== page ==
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The 25 Most Popular Passwords of 2018 Will Make You Feel Like a Security Genius

Illustration for article titled The 25 Most Popular Passwords of 2018 Will Make You Feel Like a Security Genius
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For the last seven years, SplashData has revealed its annual list of the most commonly used passwords of the year. This time around, the results reveal that, uh, we still have work to do.

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The 2018 Worst Passwords of the Year list was determined after SplashData evaluated over 5 million passwords that have leaked online in the last year. The top two slots have been left unchanged for the fifth year in a row. They are, maddeningly, “123456” and “password.” The next five consecutive spots were other assortments of numbers (“123456789” and “111111”, for instance).

Several of the 25 included passwords were repeats from previous years, but there were a handful of new ones. Some were more poignant for the hellish year (“666666” and “!@#$%^&*” and “donald”) compared to inexplicably optimistic-sounding ones (“sunshine” and “princess”).

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“Sorry, Mr. President, but this is not fake news – using your name or any common name as a password is a dangerous decision,” Morgan Slain, CEO of SplashData, said in a news release. “Hackers have great success using celebrity names, terms from pop culture and sports, and simple keyboard patterns to break into accounts online because they know so many people are using those easy-to-remember combinations.”

SplashData noted in the news release that its intention behind creating these painfully revealing lists is to prompt readers to adopt better security measures, namely stronger passwords. Obviously a strong password alone isn’t a surefire way to protect yourself online, but it’s definitely a crucial factor, and pretty much the entire list of the most commonly used ones are begging to be hacked.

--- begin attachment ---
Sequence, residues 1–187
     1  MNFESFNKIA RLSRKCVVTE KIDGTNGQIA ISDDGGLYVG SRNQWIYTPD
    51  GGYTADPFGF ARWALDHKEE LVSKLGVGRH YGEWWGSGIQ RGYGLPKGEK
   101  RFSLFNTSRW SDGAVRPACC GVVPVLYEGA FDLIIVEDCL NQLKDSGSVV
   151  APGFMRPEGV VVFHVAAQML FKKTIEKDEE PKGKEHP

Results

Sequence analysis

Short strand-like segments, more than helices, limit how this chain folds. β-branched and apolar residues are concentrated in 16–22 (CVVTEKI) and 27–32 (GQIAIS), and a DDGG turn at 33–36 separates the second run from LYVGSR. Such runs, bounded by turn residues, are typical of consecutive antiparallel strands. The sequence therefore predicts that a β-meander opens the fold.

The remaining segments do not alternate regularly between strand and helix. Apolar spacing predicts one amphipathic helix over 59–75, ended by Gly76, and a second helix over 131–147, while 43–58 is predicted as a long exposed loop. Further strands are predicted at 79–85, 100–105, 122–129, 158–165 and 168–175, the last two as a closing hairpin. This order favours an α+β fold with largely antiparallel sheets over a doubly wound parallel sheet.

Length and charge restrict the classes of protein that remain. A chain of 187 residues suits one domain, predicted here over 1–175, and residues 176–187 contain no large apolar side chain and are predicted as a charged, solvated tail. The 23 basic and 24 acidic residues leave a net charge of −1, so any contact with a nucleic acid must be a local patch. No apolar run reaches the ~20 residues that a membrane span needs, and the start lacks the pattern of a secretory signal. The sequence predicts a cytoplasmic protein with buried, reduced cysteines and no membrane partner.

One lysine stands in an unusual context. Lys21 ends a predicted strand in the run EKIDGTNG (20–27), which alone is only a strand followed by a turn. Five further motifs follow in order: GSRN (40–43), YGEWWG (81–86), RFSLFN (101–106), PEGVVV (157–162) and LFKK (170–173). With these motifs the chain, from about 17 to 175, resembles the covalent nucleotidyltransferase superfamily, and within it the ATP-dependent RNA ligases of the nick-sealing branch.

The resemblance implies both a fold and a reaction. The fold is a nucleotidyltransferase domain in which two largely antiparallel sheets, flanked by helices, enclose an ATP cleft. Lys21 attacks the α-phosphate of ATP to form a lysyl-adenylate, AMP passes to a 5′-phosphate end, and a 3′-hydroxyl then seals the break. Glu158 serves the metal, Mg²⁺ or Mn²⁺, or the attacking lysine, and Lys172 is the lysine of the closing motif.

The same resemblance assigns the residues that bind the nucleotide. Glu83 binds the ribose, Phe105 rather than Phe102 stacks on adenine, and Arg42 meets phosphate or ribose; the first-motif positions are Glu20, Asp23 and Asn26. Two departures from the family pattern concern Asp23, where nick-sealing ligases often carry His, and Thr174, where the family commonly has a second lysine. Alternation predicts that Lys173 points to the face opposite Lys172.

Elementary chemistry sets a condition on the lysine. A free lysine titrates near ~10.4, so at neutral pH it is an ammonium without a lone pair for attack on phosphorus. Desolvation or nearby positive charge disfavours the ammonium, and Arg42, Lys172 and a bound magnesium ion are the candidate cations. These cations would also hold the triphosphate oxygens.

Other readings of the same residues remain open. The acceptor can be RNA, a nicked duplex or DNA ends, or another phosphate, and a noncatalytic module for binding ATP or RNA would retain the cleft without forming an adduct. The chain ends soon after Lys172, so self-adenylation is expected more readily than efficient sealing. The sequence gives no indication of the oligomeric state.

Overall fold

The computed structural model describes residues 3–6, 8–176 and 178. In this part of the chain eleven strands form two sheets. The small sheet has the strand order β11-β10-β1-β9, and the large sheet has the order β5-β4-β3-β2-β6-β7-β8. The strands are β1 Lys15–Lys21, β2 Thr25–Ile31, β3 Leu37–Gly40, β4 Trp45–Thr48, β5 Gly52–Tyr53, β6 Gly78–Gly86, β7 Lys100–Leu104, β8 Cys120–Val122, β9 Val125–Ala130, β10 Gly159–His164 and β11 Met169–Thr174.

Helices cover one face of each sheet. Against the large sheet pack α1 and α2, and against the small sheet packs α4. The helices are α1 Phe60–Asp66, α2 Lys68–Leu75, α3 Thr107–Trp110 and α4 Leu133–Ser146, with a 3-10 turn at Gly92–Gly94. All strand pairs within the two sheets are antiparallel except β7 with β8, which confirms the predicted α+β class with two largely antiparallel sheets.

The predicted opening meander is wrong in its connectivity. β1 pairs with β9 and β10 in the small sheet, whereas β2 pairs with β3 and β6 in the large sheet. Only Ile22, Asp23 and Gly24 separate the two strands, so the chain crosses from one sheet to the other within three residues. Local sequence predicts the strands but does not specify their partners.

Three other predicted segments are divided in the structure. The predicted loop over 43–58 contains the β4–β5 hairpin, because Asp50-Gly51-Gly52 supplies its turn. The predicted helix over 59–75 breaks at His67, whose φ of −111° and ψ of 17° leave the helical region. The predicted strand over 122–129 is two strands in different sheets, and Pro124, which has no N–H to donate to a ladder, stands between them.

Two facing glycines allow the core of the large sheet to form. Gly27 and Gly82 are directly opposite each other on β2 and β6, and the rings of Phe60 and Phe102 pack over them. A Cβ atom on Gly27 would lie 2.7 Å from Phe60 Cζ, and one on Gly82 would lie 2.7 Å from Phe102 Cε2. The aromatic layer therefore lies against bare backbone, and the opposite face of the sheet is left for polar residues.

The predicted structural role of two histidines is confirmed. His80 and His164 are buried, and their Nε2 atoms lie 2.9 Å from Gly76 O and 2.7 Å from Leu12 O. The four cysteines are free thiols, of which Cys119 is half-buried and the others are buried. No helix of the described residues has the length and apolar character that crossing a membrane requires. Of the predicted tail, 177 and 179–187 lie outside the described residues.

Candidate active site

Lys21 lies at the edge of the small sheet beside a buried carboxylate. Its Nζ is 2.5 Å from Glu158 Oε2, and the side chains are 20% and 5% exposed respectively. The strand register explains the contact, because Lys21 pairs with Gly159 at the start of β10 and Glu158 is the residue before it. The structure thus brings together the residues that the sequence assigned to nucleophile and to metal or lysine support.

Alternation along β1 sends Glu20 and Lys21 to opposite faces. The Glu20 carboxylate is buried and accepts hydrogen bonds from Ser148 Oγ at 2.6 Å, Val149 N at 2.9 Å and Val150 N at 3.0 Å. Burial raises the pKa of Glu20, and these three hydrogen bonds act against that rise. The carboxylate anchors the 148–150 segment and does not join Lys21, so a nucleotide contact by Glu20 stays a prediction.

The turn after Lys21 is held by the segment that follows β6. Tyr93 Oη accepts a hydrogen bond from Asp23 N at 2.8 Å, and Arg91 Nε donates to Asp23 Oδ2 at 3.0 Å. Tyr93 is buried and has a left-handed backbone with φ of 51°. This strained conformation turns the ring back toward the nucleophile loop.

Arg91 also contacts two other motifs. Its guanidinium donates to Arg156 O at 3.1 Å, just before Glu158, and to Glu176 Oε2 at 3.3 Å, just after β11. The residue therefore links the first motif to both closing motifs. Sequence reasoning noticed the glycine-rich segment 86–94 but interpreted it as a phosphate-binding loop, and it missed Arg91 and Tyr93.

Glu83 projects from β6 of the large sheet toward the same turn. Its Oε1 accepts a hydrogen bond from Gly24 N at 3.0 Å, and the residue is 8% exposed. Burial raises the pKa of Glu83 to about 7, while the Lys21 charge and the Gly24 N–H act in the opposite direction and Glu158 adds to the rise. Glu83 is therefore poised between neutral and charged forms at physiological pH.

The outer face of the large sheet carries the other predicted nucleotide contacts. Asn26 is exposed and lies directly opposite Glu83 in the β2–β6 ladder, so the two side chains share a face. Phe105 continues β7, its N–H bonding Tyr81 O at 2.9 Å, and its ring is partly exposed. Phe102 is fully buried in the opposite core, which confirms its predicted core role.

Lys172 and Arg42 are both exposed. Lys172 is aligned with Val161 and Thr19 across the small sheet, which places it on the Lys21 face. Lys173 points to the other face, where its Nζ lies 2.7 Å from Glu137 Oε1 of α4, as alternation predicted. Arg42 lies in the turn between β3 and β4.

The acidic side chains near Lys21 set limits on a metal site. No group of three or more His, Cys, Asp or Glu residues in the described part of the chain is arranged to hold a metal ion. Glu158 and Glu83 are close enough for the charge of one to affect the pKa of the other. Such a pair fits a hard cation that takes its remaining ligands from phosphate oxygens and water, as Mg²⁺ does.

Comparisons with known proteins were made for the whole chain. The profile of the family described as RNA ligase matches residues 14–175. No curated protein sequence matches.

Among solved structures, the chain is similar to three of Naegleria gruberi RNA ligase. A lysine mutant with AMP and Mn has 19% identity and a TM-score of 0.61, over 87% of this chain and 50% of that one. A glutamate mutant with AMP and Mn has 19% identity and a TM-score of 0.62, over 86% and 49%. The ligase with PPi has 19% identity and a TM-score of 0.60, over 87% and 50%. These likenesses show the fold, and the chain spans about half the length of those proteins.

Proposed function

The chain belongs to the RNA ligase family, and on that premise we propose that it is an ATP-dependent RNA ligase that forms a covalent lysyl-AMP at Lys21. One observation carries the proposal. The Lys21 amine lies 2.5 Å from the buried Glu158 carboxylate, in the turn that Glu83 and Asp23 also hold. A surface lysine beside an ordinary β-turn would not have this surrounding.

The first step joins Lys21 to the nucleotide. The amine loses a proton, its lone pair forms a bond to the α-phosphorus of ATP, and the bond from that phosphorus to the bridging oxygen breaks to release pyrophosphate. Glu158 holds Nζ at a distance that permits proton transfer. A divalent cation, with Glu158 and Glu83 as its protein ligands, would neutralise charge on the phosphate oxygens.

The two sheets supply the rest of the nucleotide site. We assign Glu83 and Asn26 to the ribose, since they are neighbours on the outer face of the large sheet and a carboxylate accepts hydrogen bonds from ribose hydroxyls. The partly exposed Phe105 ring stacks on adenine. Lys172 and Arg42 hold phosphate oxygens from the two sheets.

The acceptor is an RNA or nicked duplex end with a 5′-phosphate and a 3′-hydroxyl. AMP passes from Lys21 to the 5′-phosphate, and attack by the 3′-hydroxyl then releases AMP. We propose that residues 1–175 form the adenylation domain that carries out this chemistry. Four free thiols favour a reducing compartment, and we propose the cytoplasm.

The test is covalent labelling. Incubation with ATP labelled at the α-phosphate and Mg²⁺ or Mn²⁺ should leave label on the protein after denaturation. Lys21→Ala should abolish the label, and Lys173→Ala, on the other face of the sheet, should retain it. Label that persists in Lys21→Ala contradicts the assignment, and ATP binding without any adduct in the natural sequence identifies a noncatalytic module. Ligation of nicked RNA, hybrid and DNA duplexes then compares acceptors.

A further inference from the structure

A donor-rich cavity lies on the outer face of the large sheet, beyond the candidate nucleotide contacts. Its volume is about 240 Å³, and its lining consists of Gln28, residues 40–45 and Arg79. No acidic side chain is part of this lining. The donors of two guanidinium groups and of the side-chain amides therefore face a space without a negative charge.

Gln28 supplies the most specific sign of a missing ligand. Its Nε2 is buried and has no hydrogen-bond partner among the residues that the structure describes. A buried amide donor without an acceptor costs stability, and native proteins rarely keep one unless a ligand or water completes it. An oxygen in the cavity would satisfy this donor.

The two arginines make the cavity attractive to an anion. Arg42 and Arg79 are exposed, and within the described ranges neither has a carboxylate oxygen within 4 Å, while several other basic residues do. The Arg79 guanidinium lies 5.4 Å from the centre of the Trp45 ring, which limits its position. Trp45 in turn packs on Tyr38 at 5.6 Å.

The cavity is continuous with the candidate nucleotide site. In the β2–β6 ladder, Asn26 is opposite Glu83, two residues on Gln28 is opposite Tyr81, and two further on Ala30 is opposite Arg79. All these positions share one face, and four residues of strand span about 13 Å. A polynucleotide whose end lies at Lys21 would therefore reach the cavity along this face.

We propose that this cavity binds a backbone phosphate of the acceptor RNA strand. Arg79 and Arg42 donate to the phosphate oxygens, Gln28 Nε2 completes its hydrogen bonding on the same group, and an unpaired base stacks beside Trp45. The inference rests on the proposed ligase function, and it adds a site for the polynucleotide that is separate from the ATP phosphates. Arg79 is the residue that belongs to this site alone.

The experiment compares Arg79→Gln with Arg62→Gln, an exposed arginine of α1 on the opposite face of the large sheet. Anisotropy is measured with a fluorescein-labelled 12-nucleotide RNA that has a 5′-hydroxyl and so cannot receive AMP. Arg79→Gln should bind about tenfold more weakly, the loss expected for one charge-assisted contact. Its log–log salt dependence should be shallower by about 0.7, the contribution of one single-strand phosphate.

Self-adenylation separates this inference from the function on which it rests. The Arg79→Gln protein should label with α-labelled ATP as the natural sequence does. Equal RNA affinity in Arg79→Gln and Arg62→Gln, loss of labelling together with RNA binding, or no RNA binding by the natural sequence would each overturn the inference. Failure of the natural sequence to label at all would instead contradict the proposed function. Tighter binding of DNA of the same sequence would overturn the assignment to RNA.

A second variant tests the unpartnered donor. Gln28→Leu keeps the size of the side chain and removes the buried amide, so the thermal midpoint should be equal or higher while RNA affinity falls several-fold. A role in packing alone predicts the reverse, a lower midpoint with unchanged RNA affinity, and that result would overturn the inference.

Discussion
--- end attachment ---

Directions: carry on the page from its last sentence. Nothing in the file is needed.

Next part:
“Our hope by publishing this list each year is to convince people to take steps to protect themselves online,” Slain said. “It’s a real head-scratcher that with all the risks known, and with so many highly publicized hacks such as Marriott and the National Republican Congressional Committee, that people continue putting themselves at such risk year-after-year.”

If you find that your passwords aren’t so unlike the ones included in this year’s list, wyd??? Change your passwords. Here’s the full, eighth annual list:

1. 123456 (Unchanged)

2. password (Unchanged)

3. 123456789 (Up 3)

4. 12345678 (Down 1)

5. 12345 (Unchanged)

6. 111111 (New)

7. 1234567 (Up 1)

8. sunshine (New)

9. qwerty (Down 5)

10. iloveyou (Unchanged)

11. princess (New)

12. admin (Down 1)

13. welcome (Down 1)

14. 666666 (New)

15. abc123 (Unchanged)

16. football (Down 7)

17. 123123 (Unchanged)

18. monkey (Down 5)

19. 654321 (New)

20. !@#$%^&* (New)

21. charlie (New)

22. aa123456 (New)

23. donald (New)

24. password1 (New)

25. qwerty123 (New)

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DISCUSSION

20. !@#$%^&* (New)

For a brief second I though “Huh? That actually looks like a pretty good password, all special characters, a good number of them, etc”

Then I looked at my keyboard.....

Edit - I also wish there was some way of measuring the importance of the account associated with these PW’s. Like, if you’re registering for some random forum to ask one question, nothing wrong with having a dead simple junk PW you use for all your throwaway, unimportant accounts (although mine still follows good PW practices).